I expected our May 4 work party would be the biggest event we would hold in May. It might even be our biggest work party of the spring. After all, it was one of the Rainier Chamber of Commerce’s Bridge to Beach cleanup weekend events. In addition, shortly before the event, we were notified that the work party would be advertised in the Green Seattle Partnership Facebook Page and on their blog.
We had a group of five team leaders, which included me, ready to lead the flood of volunteers who might decide to participate. A neighbor who has worked on this project from the beginning would also be coming. Much to my surprise, the time before and during the work party, ended up being an opportunity for me to practice trusting that the volunteers we’d need would be provided. All of the team leaders also had the opportunity to practice flexibility, persistence, letting go, accepting what is, doing whatever it takes, equanimity and Amma’s teaching that we should be like a bird perched on a dry twig, ready to fly at a moment’s notice.
For example, a week before the event only two volunteers had pre-registered. Around that time, I received a phone call from a man who had seen our event on the Bridge to Beach listing. He wanted me to know that he and his wife were going to attend our work party. But two days before the event, he called back to say they had found an event closer to their home, so they would not be coming to ours. On the same day they canceled, a young man from a University of Washington fraternity asked if he could bring a group from his fraternity. He believed he could bring 10 volunteers. I, of course, responded with an enthusiastic “Yes.” By then one of the two people who had pre-registered early on canceled.
On the day of the event, the team leaders were assembled and ready. The first person to arrive was a high school student who had worked with us before. She hadn’t pre-registered, but I was delighted to see her. The other person who had originally signed up didn’t show up, nor did any of the fraternity brothers who had pre-registered the day before.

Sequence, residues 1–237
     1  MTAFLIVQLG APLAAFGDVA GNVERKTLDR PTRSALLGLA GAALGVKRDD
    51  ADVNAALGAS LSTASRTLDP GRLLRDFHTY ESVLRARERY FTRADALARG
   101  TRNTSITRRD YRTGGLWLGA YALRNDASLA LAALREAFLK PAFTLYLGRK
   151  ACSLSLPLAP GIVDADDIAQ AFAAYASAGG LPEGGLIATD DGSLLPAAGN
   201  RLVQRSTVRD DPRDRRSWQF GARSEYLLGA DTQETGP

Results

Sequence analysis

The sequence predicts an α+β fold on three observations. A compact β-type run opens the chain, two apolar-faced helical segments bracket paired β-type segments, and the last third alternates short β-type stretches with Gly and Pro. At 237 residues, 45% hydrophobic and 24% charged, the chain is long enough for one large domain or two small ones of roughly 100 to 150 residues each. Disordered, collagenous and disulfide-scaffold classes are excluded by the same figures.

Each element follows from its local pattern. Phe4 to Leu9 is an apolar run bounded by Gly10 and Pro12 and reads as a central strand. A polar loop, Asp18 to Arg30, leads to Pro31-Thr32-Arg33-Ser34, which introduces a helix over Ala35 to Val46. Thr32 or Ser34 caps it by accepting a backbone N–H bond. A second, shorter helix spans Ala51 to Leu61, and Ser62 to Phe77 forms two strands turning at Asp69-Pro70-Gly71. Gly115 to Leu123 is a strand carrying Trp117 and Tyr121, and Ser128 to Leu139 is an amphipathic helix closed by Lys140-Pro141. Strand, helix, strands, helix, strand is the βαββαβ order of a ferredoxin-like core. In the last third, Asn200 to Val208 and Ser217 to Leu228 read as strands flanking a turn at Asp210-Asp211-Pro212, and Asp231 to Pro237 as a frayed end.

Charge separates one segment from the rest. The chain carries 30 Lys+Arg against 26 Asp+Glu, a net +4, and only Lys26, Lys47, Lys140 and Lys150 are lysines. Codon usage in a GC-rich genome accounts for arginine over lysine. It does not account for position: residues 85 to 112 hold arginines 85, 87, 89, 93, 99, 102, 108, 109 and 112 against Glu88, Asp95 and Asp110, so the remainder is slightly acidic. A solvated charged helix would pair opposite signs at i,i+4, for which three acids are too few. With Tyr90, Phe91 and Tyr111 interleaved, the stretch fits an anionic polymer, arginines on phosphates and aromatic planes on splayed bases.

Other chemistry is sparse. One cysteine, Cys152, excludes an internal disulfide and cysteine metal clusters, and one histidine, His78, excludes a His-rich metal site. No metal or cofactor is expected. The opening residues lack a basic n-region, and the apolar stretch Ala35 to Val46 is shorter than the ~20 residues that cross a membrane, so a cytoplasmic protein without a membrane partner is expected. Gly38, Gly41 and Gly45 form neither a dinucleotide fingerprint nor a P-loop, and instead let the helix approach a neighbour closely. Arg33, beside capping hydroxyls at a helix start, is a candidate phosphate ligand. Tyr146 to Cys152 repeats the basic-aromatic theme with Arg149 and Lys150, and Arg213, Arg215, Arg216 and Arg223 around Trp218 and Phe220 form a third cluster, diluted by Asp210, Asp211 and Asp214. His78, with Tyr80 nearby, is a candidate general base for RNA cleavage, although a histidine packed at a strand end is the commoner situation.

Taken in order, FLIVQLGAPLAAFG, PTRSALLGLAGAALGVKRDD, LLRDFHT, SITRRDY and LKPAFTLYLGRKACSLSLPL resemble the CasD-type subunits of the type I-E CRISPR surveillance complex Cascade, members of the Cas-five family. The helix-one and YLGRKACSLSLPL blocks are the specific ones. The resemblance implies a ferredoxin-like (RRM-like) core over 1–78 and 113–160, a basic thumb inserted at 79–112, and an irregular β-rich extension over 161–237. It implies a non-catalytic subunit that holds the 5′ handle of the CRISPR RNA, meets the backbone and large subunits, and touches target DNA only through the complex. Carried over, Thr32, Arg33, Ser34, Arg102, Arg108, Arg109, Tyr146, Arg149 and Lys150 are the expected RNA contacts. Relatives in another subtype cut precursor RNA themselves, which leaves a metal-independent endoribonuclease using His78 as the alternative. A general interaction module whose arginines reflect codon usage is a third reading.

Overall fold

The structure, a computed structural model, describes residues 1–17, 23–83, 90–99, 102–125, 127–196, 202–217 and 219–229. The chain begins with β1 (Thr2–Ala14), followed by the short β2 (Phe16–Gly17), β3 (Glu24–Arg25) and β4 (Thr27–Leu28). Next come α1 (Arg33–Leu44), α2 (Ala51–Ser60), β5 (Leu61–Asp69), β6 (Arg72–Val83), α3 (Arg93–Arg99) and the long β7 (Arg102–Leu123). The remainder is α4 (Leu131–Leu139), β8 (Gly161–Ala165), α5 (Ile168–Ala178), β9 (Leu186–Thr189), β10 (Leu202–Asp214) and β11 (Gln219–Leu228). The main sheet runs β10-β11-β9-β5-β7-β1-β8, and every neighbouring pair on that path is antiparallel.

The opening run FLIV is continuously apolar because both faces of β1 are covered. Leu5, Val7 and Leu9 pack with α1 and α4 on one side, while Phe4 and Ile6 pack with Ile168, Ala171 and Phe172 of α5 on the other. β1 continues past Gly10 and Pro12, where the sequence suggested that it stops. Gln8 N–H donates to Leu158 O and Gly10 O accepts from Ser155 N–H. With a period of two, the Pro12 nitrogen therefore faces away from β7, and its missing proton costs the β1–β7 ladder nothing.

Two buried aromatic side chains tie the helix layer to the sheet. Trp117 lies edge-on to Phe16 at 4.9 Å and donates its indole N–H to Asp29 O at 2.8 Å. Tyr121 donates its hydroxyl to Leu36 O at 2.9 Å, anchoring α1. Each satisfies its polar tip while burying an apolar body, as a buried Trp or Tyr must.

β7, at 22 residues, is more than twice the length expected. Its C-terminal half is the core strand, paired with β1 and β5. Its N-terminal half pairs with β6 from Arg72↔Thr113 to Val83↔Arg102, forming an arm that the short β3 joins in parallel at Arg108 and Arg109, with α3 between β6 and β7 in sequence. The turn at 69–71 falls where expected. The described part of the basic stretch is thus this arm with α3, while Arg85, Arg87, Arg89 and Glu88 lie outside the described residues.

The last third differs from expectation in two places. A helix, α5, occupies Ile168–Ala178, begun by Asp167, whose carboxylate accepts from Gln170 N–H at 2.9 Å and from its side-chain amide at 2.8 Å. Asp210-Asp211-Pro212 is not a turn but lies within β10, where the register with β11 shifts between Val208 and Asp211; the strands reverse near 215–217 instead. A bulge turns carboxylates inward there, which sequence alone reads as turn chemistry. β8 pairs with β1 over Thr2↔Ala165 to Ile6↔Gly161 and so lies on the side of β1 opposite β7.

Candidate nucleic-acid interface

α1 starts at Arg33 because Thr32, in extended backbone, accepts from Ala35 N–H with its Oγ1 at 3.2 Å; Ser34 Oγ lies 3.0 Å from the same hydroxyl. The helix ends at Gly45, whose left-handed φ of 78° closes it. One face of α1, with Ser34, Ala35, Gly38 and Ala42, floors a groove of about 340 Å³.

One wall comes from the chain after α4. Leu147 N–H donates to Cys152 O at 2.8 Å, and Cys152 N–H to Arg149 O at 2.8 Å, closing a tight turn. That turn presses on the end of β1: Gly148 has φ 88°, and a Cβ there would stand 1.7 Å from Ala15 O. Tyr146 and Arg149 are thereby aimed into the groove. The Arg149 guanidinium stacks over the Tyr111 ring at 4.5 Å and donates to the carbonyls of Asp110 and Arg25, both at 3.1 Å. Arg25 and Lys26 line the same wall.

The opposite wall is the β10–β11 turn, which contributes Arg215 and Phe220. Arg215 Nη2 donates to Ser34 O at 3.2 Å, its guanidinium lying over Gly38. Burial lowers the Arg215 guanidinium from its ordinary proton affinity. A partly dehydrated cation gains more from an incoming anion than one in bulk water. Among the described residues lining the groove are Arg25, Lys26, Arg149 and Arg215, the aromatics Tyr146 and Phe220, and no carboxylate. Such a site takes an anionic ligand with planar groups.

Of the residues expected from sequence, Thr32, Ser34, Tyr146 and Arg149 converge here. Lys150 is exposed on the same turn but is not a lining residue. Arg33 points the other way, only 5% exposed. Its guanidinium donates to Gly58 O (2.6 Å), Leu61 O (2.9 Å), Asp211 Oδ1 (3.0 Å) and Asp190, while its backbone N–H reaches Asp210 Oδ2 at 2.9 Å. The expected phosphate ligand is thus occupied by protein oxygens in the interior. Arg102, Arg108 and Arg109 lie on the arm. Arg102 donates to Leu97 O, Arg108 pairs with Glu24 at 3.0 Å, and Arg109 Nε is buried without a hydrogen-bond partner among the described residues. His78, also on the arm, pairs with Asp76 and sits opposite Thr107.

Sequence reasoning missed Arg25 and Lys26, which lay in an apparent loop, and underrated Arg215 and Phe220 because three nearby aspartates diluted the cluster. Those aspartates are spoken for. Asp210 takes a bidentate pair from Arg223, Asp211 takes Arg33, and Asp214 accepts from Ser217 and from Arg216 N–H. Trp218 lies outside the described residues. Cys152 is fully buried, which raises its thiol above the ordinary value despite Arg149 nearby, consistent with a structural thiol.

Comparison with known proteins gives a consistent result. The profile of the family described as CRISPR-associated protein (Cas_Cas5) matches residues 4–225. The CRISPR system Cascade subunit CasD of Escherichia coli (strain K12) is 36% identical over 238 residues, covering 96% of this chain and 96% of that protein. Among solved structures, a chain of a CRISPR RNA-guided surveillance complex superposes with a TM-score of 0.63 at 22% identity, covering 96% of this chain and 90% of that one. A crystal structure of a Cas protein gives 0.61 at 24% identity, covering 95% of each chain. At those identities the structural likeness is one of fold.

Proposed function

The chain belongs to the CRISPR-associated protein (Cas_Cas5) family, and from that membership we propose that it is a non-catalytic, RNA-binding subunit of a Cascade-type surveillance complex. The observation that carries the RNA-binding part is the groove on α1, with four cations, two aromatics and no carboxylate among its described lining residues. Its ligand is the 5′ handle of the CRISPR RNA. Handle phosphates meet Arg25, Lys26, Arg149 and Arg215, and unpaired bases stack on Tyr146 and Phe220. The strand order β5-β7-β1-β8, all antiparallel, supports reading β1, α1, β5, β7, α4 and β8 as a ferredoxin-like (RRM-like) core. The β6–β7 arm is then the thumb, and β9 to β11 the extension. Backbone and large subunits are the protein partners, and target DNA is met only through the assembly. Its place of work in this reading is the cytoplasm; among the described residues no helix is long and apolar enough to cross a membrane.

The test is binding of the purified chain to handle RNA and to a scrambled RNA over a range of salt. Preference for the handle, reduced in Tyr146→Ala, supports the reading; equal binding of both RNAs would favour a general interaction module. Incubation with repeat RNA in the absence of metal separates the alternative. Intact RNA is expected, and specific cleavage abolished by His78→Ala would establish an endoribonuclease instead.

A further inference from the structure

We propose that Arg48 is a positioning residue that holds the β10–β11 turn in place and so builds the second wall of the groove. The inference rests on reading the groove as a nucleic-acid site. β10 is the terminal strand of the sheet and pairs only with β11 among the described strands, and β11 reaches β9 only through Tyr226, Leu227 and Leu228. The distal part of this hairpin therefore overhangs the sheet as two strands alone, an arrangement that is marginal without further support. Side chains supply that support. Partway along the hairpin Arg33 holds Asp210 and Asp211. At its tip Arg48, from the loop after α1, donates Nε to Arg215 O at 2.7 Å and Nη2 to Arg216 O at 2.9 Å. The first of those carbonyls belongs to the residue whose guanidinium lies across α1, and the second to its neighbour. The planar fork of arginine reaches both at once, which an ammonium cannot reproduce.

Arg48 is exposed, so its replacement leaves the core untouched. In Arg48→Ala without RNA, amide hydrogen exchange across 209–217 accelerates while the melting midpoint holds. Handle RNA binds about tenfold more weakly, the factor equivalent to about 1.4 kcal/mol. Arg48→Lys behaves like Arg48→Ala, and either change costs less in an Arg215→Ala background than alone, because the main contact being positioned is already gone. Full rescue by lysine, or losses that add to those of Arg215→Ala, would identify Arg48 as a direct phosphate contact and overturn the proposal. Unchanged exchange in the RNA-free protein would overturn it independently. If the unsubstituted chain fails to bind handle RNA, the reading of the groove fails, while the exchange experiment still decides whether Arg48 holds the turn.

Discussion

The team leaders “rolled up their sleeves” and started the first task of the day: carrying wood chips from the wood chip pile on 25th Avenue South to the southern planting areas 300+ feet away. Once we reached the planting area, we poured the wood chips in a ring around each of the plants. We then removed chips that had fallen around the stem of the plants, creating an inner circle that was 6-12 inches in diameter. The chips were to help keep the ground moist during the summer months, and the open space was to allow any raindrops direct access to the ground.
Forty-five minutes into the work party, a welcome surprise arrived in the form of six members of the fraternity. I was excited to see them. I had the young men sign up and join the rest of our group in carrying the wood chips and building the rings.
Shortly after the students’ arrival, we broke into three small groups; each led by a team leader. One group removed the weeds in an area we had planted on March 17. We had cleared the invasive weeds from that area prior to the planting work party, but they were returning with a vengeance; the periwinkle vines were especially persistent.
A second group started to clear an area that hadn’t been cleared before, one that bordered our southern planting area. Dense blackberry vines and other weeds were impinging on, or had actually begun to cover, some of our shrubs and ground covers. The third group removed weeds from the north side of the Hanford Stairs.
At 11:30 we stopped for a snack break and a group photo.
After the break, the first and second group went back to work in their respective areas and the third group joined the second group. During this time, Shirley and I helped the other team leaders as needed and also took a few photos.
Clearing the area south of the southern planting area:
Clearing the area on the north side of the Hanford Stairs:
Neither Shirley nor I had taken any photos of the group that had cleared weeds in the planting area near the wood chip pile earlier in the work party but I did get one of what the area looked like after it was cleared. Imagine the area in the photo below with 100+ invasive vines emerging from the ground and you will get a sense of what it looked like at the beginning of the work party.
While we hadn’t had the “flood” of volunteers I’d hoped for, using the experience to trust that what we needed would be provided and taking the reduced numbers as an opportunity to practice flexibility, persistence, letting go, accepting what is, doing whatever it takes, equanimity, and being like a bird perched on a dry twig, ready to fly at a moment’s notice, meant we’d avoided getting stressed out and had even ended up accomplishing most of the day’s goals. The Bonus: together, we were a mix of people who worked well together and contributed to a satisfying and productive day.